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|Author: Henri Matisse|
|Drawings, Lead pencil, 53x40.8 cm|
|Origin: France, 1936|
Matisse visited Tahiti in 1930, and over the next five or so years he returned repeatedly to the theme, transferring his direct impressions of nature to drawings, etchings and two oil panels, Tahiti I and Tahiti II. The Hermitage drawing came before the composition Tahiti II. The window looking out onto a large world, the yacht with its energetic lines and jolly vertical mast, ring out like an invitation to a journey. But the window does not draw our gaze into the depths of the paper, and the island does not melt in the romantic distance, since all the elements in the composition are flat and generalized in the extreme. Captured in a single rhythm are the curtain of the window, the treetops and the clouds over Tahiti; the horizontals of the balustrade and the island seem to echo each other, as do the verticals of the mast and the borders of the drawing.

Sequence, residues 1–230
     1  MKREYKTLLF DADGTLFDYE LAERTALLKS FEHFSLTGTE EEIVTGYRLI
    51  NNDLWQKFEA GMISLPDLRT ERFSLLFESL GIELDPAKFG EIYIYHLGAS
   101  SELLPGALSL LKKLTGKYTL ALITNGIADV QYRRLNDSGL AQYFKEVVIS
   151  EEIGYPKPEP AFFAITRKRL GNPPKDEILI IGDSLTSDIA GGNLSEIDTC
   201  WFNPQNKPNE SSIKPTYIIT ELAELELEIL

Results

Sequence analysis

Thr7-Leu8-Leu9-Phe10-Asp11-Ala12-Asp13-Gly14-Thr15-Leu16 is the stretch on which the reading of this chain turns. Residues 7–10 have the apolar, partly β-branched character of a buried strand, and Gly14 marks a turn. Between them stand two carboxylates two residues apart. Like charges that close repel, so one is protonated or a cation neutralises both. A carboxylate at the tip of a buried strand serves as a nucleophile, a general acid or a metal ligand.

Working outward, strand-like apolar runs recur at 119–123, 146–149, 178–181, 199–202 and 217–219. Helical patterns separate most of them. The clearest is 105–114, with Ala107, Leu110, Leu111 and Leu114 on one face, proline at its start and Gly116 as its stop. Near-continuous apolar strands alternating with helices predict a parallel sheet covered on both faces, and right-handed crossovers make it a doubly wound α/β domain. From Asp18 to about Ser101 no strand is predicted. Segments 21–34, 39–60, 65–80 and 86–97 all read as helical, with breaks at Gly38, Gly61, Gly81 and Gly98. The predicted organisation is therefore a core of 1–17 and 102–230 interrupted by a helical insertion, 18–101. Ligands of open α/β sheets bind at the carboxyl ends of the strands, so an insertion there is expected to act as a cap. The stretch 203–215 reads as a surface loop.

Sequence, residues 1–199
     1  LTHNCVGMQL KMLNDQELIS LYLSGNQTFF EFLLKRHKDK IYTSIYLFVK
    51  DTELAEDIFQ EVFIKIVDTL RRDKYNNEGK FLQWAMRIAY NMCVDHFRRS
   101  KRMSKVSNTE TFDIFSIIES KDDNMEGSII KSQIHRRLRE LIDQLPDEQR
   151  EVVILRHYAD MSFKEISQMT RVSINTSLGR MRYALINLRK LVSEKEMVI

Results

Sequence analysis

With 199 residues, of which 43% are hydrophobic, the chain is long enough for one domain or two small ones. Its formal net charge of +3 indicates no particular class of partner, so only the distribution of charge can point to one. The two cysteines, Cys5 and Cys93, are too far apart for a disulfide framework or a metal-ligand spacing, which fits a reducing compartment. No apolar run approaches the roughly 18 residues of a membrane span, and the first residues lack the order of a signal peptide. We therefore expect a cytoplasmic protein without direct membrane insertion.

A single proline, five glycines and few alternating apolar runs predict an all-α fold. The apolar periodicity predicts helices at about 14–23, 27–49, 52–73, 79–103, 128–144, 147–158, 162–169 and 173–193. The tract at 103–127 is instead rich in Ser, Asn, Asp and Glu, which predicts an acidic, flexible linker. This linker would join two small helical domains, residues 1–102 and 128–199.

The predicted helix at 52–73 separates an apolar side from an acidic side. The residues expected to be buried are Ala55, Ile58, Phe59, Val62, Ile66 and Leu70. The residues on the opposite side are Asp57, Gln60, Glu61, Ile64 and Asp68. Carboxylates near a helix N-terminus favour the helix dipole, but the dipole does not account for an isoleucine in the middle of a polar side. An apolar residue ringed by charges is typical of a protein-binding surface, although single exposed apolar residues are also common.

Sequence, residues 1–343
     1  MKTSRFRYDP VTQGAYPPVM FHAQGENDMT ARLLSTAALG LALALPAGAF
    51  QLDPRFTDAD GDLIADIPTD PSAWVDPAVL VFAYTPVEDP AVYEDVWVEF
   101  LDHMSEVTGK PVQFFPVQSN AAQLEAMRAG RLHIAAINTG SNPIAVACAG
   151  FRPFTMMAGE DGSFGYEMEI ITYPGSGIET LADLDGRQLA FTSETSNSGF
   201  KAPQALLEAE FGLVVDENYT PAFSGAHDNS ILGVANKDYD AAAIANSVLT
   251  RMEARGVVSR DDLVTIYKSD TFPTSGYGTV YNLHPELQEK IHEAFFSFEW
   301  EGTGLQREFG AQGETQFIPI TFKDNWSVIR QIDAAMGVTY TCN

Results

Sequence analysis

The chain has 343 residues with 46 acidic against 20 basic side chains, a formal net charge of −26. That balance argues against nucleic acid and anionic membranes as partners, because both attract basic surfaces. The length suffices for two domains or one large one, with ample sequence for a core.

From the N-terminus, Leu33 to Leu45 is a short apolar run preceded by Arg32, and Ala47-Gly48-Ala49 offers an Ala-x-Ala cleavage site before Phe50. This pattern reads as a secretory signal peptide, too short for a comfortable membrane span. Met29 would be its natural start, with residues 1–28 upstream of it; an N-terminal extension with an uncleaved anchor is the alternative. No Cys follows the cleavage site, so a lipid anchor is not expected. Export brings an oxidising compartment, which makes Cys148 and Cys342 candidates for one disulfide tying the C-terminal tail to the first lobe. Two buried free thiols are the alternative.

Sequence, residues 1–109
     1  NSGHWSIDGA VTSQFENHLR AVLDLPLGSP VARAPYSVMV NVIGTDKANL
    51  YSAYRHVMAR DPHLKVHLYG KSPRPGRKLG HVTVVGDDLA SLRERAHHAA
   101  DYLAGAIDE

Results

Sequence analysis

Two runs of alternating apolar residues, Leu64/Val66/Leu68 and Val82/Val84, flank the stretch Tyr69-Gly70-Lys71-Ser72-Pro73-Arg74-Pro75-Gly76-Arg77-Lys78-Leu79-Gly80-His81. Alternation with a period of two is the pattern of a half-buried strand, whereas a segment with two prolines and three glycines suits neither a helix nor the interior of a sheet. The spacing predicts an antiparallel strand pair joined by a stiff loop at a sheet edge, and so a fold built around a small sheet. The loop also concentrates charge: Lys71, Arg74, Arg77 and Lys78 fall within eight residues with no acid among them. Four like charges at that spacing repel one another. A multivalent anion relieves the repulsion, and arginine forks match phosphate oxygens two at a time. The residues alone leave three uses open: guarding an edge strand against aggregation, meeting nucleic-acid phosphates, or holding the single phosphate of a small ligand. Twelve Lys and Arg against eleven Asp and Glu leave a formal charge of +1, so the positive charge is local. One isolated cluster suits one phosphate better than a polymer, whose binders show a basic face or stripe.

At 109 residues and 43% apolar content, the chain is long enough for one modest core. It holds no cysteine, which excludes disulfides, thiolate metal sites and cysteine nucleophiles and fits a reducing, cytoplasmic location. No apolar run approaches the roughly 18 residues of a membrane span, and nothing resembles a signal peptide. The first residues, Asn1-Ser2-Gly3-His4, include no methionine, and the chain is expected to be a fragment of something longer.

|Source of entry: gift of Lydia Delectorskaya, 1968|
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